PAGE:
In 2007, with the help of Mayor Michael Bloomberg, a conditional cash transfer program (CCT) started in New York City as an experimental, privately funded, ghetto-busting initiative. CCT programs offer money for immediate poverty relief, but condition the assistance on families' improving their education and workforce skills, thus reducing intergenerational poverty over time. New York City’s Family Rewards was the first comprehensive CCT program implemented in a developed country. This report presents initial findings during the program’s first 2 years of operation.
CCT programs offer money for immediate poverty relief
Findings & Stats
Over $14 million in rewards was paid to families in the first 2 years of the program.
98% of families earned at least some rewards in both program years— more than $6,000 on average.
Two Generation Approach
Family Rewards focused on parents’ work and children’s academic achievement.
Family Rewards increased savings and the likelihood that parents would have bank accounts.
Family Rewards increased high school attendance, course credits, grade advancement and standardized test results, but it did not improve school outcomes overall for elementary or middle school students.
Statements & Quotations
…impressed by the success of Oportunidades and other countries’ CCT programs, Mayor Michael Bloomberg’s Center for Economic Opportunity (CEO) began to explore whether a CCT program could be adapted for use in New York City’s poorest neighborhoods. By 2007, Opportunity NYC–Family Rewards had been born. Aware that a CCT program would be controversial, CEO sought and obtained private funding for the initiative in the hope that, if it were successful, the federal government would provide additional support to expand the program to cities nationwide.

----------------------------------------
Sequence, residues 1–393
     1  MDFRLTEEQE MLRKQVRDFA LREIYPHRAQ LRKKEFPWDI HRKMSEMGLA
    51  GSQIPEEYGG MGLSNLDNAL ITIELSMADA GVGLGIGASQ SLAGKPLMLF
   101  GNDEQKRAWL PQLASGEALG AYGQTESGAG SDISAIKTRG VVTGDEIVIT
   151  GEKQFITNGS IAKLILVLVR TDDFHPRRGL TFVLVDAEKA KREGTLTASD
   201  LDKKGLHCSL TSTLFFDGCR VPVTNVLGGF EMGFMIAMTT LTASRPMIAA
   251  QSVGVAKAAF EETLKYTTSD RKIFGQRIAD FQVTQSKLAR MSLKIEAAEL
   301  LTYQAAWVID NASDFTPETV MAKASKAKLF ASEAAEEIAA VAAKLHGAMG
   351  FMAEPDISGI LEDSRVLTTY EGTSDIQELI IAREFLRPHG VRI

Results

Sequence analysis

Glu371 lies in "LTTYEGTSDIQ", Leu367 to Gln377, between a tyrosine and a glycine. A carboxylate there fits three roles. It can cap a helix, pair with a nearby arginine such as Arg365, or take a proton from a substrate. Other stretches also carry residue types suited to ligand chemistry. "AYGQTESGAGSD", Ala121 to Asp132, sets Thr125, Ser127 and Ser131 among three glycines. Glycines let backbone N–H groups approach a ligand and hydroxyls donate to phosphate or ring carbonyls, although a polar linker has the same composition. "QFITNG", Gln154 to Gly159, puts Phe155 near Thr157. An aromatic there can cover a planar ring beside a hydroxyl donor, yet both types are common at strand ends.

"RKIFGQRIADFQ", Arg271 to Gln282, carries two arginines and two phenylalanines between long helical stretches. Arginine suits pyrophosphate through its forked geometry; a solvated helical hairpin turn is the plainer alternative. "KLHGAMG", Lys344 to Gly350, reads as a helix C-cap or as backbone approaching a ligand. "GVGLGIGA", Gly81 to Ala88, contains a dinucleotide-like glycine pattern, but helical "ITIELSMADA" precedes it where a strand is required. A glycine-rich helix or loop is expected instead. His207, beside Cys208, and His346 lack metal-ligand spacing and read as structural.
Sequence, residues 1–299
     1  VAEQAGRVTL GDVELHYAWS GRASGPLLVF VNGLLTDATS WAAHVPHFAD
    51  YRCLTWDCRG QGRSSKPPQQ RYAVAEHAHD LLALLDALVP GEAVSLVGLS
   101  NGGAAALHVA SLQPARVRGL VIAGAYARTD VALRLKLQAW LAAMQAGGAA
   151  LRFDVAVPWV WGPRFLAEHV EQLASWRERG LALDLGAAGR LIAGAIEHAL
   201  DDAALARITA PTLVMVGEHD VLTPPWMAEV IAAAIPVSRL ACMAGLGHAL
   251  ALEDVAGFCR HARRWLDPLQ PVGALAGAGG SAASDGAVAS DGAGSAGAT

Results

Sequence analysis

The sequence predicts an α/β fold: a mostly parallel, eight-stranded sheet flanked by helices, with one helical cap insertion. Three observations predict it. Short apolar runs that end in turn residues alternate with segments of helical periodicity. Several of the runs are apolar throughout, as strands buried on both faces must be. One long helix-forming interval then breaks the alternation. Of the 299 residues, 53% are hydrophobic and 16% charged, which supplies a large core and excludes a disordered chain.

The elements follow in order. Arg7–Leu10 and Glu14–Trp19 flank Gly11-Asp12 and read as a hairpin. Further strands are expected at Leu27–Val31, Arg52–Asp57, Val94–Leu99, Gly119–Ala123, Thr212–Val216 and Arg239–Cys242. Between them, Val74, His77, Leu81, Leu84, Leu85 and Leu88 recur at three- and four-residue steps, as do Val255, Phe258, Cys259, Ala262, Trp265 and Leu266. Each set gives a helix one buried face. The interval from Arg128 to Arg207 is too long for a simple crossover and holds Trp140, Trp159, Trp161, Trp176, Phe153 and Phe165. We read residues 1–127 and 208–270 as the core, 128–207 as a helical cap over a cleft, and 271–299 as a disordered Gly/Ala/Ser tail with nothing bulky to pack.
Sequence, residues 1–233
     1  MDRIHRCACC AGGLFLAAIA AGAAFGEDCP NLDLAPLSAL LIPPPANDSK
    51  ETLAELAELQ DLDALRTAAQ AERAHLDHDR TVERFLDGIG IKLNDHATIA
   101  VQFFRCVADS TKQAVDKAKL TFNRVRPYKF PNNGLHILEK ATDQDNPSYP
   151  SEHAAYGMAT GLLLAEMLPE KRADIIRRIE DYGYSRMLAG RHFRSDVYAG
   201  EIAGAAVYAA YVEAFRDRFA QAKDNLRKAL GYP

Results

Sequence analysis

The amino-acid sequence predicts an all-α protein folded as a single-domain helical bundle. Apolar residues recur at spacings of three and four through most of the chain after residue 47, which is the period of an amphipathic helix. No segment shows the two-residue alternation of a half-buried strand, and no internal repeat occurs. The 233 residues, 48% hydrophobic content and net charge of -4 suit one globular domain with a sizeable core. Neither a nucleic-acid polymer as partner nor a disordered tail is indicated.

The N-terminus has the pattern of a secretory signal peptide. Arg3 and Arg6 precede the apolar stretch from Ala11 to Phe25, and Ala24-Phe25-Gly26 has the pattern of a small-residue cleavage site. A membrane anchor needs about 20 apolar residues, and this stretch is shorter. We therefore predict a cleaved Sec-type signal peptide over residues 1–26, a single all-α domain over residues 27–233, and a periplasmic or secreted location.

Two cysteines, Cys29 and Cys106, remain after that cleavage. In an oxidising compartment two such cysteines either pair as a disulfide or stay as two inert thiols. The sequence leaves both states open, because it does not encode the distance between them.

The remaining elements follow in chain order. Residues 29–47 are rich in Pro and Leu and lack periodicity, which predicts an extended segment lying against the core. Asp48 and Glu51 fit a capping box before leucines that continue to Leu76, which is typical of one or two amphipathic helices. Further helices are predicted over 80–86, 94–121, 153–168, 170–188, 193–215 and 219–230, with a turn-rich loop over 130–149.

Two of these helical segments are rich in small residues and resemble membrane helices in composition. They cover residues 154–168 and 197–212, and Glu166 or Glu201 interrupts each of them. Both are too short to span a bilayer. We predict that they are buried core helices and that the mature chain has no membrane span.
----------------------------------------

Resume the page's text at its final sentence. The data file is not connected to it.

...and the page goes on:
Family Rewards imposed no restrictions on families’ access to their reward money or how they could spend it, and families used the extra money in a variety of ways. Common uses included paying for basic living expenses, paying off bills, paying for school-related supplies or activities, saving for the future, buying electronic goods, and covering special recreational outings for the family, sometimes as a reward for school accomplishments. For many families, celebration of accomplishments took the form of spending time together on leisure activities, like eating out, going on a trip, or seeing a movie that would otherwise have been prohibitively expensive, especially for larger families with limited means. Many parents also used the money for children’s allowances.
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